I am sitting on an uncomfortable little chair again.
The orange bucket seat is hard underneath me, its short plastic legs perilously splayed. The set-up has got no more comfortable since last year's school show, or the one before. Lines of parents in front of me shift uncomfortably in their Lilliputian pews. Betty, at my side, has already decided that she'd rather stand, and is hopping from foot to little foot, sandals clacking on the parquet floor, as she tries to launch herself above the audience blocking her view.
"Where's Grace?" she asks. "Where is she?"
I tell her that Grace is getting ready and will be along soon. Then I look down the row to Grace's dad, to her stepbrothers J and D and to her stepdad, all of whom look as though they too would be hopping from foot to foot to see her, if convention allowed. I smile, and they all smile back, and we sit a little longer listening to the blarts and burps of the band warming up, and the buzz of people arriving. It is hot, and the air conditioning is not quite keeping up. The stage is set with a canvas, bathed in a sultry red light, which bears the legend: Rydell High School. I have butterflies in my stomach.
Just as I am about to check my watch for the seventh time, two women stop beside my seat. One I know well, the other is a familiar face at the school gates for the last several years. They look down at me with the shiny excitement of people who are about to hand you the perfect present to unwrap. "Haven't you seen it yet? Haven't you seen her?" they ask. I smile and shake my head and tell them that Grace's aunties came the night before last. "She's amazing!" says one. "Amazing," concurs the other, grinning. "Such a voice!" They nudge me and then each other, mouthing O's of amazement and waggling their eyebrows in glee at me and I can feel that suddenly, I am beaming. "You wait, there'll be tears! You're going to have a little cry tonight, you are!" they promise me, and leave, chuckling and casting mischievous looks over their shoulders while bustling to their seats, for it's clear that the show is about to start.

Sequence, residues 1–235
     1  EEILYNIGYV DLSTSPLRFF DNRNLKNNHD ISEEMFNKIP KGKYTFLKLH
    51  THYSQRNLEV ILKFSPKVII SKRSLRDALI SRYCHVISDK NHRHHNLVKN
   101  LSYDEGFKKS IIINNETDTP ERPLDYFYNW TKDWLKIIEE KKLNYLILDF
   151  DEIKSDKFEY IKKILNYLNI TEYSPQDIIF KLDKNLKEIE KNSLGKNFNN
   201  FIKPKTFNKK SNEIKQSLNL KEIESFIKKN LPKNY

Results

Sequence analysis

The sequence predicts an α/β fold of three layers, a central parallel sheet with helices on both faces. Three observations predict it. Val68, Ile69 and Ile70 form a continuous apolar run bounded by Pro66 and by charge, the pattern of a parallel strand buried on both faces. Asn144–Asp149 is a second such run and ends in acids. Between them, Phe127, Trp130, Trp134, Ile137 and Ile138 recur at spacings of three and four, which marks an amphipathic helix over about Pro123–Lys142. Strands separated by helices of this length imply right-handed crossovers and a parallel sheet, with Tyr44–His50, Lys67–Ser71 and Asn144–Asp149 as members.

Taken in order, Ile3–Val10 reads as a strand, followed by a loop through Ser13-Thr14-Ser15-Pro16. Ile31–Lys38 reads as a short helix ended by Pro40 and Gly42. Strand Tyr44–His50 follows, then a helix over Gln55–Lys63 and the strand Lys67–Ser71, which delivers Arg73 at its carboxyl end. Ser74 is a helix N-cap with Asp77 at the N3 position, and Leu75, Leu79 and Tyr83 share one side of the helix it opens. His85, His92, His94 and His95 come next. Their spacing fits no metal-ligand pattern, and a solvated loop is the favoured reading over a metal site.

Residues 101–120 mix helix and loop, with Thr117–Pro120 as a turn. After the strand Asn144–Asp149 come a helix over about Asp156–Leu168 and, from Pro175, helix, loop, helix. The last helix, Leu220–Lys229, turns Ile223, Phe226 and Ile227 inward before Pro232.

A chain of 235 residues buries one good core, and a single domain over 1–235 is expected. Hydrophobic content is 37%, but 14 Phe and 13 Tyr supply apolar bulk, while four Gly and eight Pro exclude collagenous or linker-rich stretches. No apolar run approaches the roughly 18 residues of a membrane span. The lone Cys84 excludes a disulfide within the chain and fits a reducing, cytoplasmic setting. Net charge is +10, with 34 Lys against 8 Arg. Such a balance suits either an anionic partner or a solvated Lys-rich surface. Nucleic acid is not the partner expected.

My stomach is doing flips now: I feel as though I am perched at the top of a rollercoaster track, awaiting the swooping departure down.
Then suddenly, the band is playing that unmistakeable tune and everyone in the audience goes: ooh, and thrills a little bit, and the children are marching on and there is Grace and oh my god she's so beautiful and her eyes are bright and she's looking for me while she sings, searching the rows and she's found me and - though I wouldn't have thought it possible - she lights up a bit more and she sings straight to me, shoulder to shoulder with her classmates:
"We take the pressure and we throw away
Conventionality belongs to yesterday
There is a chance that we can make it so far
We start believing now that we can be who we are - "
and I am lost already, rummaging in my handbag for a tissue. The audience is already clapping in time and whistling and the children all stand a bit straighter and grin out at us from under the lights. The song finishes and - before a word of dialogue is uttered - the place goes barmy. Whoops and cheers and whistles from the audience seem to push out the walls and the doors and the roof - surely the room can't contain such sonic pressure - and Betty puts her hands over her ears in sudden shock. I am whooping along with the rest, while wondering how I'm going to make it through to the end without being reduced to a puddle of salt water.